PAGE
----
August 10, 2017 Read More →

California, Shooting for 100% Carbon-Free Electricity Generation, Is More Than Halfway There


An analysis by S&P Global Market Intelligence shows the state’s five largest utilities by retail sales are currently halfway to zero carbon future in terms of generation capacity, with conventional renewables, hydroelectric resources and nuclear included, but getting to 100% of retail sales will require significant new investments.

Setting out a path to a 100% carbon free generating fleet, the new legislation would not just take into account wind, solar and geothermal — the primary resources considered under the state’s existing renewable portfolio standard — but also incorporate large hydro resources, which are not considered under existing renewable energy laws, and nuclear.

Currently 56% of the five utilities’ owned or contracted generation capacity produces no carbon emissions, with hydroelectric and nuclear power — resources mostly excluded in the state’s renewable portfolio standard — providing a combined 19% share.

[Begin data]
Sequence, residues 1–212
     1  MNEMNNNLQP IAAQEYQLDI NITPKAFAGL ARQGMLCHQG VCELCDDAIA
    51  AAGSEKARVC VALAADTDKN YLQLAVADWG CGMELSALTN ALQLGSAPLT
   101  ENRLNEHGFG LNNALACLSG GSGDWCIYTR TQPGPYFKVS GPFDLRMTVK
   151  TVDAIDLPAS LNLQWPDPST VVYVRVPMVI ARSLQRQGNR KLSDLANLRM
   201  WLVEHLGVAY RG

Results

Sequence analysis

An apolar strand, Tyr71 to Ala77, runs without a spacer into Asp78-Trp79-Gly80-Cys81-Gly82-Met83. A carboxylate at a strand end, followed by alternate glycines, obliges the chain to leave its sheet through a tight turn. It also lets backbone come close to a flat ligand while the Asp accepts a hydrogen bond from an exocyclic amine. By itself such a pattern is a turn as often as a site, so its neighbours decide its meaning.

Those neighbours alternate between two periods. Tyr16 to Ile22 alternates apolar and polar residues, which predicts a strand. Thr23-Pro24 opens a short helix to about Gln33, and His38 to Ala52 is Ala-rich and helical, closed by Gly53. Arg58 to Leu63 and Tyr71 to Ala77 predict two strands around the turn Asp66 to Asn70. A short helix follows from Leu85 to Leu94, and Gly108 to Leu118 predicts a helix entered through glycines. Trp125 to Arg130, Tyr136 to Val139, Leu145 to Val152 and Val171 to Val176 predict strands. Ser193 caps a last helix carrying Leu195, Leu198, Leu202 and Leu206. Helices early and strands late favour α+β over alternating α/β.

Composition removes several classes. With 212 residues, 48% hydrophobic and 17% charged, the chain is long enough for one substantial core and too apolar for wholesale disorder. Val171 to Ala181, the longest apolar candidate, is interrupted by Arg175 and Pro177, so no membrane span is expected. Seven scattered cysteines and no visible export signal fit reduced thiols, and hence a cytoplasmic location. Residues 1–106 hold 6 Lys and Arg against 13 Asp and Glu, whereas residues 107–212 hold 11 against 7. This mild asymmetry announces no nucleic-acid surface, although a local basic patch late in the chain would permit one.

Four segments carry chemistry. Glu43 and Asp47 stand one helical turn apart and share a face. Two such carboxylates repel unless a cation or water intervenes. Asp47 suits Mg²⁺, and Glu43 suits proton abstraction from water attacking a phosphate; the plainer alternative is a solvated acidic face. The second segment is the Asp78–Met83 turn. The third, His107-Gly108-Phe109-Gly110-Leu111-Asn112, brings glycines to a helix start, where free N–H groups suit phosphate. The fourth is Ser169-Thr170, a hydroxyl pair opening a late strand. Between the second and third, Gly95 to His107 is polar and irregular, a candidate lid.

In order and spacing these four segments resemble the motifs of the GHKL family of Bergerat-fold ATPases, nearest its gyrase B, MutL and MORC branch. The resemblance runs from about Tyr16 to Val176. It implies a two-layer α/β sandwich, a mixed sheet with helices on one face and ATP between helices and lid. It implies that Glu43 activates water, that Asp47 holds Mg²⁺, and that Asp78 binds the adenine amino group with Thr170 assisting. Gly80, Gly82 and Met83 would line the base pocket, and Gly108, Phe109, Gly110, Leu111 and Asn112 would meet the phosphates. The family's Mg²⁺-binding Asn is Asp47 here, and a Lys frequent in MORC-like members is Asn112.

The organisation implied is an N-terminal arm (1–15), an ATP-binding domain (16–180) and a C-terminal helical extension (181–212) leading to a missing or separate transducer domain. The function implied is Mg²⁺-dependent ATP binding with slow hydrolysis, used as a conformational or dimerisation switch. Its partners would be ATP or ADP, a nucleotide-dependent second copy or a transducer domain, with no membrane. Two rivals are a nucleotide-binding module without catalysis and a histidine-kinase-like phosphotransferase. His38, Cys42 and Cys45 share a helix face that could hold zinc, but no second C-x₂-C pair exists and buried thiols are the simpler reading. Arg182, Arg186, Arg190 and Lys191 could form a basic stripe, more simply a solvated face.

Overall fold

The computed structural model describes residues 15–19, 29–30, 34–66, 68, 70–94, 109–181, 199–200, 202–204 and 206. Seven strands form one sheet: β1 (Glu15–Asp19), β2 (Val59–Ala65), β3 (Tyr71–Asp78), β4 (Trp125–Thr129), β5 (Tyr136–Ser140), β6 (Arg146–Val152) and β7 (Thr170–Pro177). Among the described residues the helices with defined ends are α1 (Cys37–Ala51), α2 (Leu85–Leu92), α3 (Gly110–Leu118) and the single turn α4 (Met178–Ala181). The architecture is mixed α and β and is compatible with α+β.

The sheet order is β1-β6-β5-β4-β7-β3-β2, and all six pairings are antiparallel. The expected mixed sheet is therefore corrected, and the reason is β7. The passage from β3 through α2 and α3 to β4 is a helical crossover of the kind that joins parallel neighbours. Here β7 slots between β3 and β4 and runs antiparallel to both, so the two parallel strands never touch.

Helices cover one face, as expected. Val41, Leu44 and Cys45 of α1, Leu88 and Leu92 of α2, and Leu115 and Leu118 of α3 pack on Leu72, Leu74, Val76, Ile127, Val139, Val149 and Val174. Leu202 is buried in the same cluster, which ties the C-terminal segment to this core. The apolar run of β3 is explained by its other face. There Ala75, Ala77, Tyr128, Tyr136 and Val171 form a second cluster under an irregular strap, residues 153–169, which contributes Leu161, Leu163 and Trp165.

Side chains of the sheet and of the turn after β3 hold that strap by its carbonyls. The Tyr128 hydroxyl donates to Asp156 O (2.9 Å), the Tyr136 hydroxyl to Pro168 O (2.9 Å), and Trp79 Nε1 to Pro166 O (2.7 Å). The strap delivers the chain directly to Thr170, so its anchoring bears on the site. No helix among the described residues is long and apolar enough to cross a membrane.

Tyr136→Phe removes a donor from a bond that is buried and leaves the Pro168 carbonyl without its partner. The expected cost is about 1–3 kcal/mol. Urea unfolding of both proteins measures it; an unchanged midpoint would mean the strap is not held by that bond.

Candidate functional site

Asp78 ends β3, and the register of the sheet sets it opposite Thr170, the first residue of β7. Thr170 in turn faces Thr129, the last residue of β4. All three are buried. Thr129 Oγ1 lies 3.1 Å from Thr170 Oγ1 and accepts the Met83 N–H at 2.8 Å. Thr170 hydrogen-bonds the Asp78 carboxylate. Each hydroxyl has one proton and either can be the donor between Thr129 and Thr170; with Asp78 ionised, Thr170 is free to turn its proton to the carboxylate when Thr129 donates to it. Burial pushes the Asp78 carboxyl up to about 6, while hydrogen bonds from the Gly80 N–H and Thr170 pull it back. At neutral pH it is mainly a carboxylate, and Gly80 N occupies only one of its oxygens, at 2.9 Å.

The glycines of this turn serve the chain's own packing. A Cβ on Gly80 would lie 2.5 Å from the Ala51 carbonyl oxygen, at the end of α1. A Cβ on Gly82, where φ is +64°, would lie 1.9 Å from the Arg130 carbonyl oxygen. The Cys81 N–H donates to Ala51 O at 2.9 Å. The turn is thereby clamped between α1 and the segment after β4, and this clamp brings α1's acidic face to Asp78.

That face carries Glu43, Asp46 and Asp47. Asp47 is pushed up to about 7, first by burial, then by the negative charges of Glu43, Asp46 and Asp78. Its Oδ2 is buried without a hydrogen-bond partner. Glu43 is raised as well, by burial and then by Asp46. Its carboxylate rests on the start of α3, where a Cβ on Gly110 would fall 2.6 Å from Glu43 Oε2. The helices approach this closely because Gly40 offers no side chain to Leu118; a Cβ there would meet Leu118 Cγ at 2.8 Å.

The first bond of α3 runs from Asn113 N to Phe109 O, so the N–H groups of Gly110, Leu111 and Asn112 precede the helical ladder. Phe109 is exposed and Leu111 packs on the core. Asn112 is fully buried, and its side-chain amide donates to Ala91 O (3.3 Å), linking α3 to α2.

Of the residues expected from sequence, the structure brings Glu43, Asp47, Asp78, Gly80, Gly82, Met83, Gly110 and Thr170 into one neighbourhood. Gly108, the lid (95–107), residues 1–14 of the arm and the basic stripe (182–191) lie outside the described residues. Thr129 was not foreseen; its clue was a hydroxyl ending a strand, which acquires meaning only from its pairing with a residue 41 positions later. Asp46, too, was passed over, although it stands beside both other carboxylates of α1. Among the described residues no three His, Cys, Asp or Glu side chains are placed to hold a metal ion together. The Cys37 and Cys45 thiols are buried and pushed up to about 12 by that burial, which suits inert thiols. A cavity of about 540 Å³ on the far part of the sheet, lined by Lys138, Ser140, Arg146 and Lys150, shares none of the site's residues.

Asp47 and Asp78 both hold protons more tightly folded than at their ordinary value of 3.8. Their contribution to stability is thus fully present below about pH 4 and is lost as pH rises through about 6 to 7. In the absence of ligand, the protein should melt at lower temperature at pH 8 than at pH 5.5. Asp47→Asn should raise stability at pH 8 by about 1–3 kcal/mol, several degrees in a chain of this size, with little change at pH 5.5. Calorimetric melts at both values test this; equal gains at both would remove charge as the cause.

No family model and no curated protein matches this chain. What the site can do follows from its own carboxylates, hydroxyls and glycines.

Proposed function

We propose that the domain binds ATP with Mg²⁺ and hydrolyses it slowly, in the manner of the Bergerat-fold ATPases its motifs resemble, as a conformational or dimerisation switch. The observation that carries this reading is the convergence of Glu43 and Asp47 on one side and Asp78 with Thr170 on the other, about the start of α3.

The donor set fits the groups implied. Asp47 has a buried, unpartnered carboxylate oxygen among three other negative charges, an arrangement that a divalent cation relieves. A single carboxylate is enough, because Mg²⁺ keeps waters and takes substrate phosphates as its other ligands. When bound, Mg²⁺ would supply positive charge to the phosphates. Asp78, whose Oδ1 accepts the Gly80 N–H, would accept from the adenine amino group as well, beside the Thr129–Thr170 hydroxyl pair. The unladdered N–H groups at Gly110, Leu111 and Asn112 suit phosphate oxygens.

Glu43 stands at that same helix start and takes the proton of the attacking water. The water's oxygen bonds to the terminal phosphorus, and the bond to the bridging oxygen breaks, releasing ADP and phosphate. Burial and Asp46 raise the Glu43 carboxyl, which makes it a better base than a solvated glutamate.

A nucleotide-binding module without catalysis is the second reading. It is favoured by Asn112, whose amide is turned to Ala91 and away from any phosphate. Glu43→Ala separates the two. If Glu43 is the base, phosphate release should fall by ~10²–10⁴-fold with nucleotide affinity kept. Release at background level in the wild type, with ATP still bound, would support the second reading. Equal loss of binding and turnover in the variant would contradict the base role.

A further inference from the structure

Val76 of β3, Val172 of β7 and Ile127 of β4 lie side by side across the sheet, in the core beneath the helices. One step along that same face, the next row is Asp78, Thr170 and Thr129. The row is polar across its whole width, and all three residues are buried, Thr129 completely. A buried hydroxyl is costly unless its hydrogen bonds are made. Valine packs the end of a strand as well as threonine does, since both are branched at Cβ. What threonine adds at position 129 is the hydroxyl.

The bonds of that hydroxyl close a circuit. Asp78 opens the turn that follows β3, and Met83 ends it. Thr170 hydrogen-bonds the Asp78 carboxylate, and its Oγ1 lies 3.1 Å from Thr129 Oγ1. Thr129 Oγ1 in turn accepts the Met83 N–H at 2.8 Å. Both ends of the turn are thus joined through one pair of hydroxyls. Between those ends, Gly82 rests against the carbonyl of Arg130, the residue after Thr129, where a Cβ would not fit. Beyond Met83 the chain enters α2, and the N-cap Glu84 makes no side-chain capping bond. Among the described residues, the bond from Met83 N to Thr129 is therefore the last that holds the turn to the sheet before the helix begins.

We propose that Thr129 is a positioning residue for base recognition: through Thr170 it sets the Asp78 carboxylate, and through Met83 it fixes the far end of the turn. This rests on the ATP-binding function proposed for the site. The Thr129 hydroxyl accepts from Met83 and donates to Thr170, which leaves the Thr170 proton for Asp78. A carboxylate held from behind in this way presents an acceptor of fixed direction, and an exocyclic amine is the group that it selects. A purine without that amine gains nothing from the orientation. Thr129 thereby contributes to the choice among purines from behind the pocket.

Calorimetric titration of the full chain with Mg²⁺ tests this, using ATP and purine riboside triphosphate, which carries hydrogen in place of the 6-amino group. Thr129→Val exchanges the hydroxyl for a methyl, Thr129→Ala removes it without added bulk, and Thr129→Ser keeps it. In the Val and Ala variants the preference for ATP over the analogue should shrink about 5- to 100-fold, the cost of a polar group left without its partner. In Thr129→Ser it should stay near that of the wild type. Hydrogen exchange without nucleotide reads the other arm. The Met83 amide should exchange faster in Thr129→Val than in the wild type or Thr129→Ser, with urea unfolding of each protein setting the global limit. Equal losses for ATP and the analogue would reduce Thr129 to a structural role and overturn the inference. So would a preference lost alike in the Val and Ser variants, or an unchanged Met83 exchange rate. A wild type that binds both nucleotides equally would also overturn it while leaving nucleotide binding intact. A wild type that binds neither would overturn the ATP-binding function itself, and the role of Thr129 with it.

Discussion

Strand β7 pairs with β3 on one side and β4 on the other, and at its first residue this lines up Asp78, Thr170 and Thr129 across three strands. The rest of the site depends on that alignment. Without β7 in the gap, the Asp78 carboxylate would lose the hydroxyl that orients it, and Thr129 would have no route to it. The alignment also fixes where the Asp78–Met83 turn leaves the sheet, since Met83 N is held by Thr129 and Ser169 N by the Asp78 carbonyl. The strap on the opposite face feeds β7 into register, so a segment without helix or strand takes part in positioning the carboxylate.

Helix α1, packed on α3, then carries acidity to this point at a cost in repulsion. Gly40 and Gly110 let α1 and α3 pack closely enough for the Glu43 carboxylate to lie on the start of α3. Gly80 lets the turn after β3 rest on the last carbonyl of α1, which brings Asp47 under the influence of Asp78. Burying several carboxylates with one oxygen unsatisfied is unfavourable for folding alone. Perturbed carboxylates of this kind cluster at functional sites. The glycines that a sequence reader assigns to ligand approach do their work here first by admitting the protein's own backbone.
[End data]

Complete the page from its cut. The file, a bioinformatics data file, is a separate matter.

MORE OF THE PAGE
Solar plants have the largest share of zero-carbon resources among the five largest utilities with a 17% share of overall capacity mix, followed by wind with a 15% share, hydro with an 11% share, nuclear with an 8% share and geothermal with a 3% share. The largest generation share still belongs to gas-fired plants, which make up 44% of total capacity.

More: ($) Calif. utilities halfway to meeting proposed 100% carbon free requirement

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